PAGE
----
Icarus Films // 2002 // 224 Minutes // Not Rated
Reviewed by Appellate Judge James A. Stewart // October 15th, 2009
"A playful series of eight films that are both analytical adventures and adventurous analyses."
Matthew Barney's ten DVD copies of the Cremaster Cycle are each worth about a million or so. I don't think DVD Verdict will ever get a screener copy, but we do get to screen Art Safari, an eight-part look at Barney and other contemporary artists which originally aired on the BBC and other European networks.
The two discs each contain four episodes, roughly 28 minutes each:
* "Maurizio Cattelan: How to Get A Head in the Art World"
Ben Lewis goes in search of Italian artist Cattelan, "a celebrity in the art world, but a nobody outside it." Among Cattelan's comic works are a suicidal squirrel and a memorial to English football futility.
* "Gregor Schneider: House of Horrors"
Schneider, "Germany's most successful young artist," exhibits his strange house and shows off his eye for postwar German suburbia. Lewis joins Schneider as the artist recreates a dank alley.
* "Matthew Barney: Church of Cremaster"
Barney creates "a universe of total perversity" with his five nearly silent films in the Cremaster Cycle. There's a message about creativity and the meaning of life somewhere amid the strange, occasionally bloody or sexual images, or so we're told.
* "Relational Art: Is It an Ism?"
A dazzling light display that you'll still see with your eyes closed, shown in slow motion to reduce any risk to your retinas, introduces a new movement that explores "human interactions and the social context." Lewis introduces viewers to the artists and the rules of new art movements.
* "Wim Delvoye: Is This Sh*t Art?"
The sh*t in question comes from a machine that imitates the human digestive system. Lewis gets it tested to see if it's real. He also gets a genuine Delvoye tattooed on his back.
* "Santiago Sierra: Art Versus Globalization"
Sierra, believing "all work is pointless capitalist exploitation," pays people to participate in his art. Lewis, "trying to figure out how he got away with it," causes trouble with the organizers of an exhibition.
* "Sophie Calle: Conceptual Heart"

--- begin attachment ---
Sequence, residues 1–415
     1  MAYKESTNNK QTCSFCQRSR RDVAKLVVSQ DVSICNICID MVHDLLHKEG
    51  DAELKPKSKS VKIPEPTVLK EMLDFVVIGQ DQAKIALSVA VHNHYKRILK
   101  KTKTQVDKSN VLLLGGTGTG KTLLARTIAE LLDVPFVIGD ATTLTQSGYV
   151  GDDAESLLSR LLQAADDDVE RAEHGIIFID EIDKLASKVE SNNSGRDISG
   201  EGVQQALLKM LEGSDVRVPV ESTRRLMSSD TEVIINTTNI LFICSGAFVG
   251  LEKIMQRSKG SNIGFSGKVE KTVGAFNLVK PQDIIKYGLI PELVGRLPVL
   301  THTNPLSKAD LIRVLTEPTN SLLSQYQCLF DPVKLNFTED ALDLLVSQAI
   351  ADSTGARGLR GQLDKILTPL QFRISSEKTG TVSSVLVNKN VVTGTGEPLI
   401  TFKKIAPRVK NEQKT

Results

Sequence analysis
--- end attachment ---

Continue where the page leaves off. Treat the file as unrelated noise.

The French "artist of love" finds inspiration in loves lost. Lewis tries to "seduce her with her most secret desire," as one of her friends puts it.
* "Takashi Murakami: Toying with Art"
The Japanese pop artist is "the art world's best investment" and has spawned plenty of merchandising. There's also a serious message to his work about Japan's loss of national identity.
Art Safari is aimed at a viewer who's interested in contemporary art, but isn't necessarily a scholar. "Art geek" Ben Lewis isn't cracking jokes, but his style -- a mix of deadly seriousness and antics, such as his imitation of artist Cattelan to get a meeting with the recluse -- can be amusing and feels like he's game for it. Even as you're laughing, you will learn something about an artist's ideas or how the art world works. He's good at putting the artists' work in context, offering clips and explanation of earlier artists or the times they're commenting on. The "Relational Art" episode, which examines a new trend and shows how art critics and experts think, is entirely devoted to a primer on artistic movements.
I wouldn't recommend powerwatching Art Safari. Each half-hour episode puts a lot of information before you, and watching several episodes back to back might feel overwhelming.
It looks and sounds good for a production that goes on location a lot. A booklet with comments by Lewis adds more background about the artists featured on the DVD.
Art Safari provides a quick survey of contemporary art that should satisfy anyone looking for one. Lewis' oddball humor is easy to take and occasionally illuminating.
Not guilty. Plus, at less than a million, it's a bargain.
Review content copyright © 2009 James A. Stewart; Site layout and review format copyright © 1998 - 2014 HipClick Designs LLC
Scales of Justice
Studio: Icarus Films
* 1.78:1 Anamorphic
* Dolby Digital 2.0 Stereo (English)
Running Time: 224 Minutes
Release Year: 2002
MPAA Rating: Not Rated
* Official Site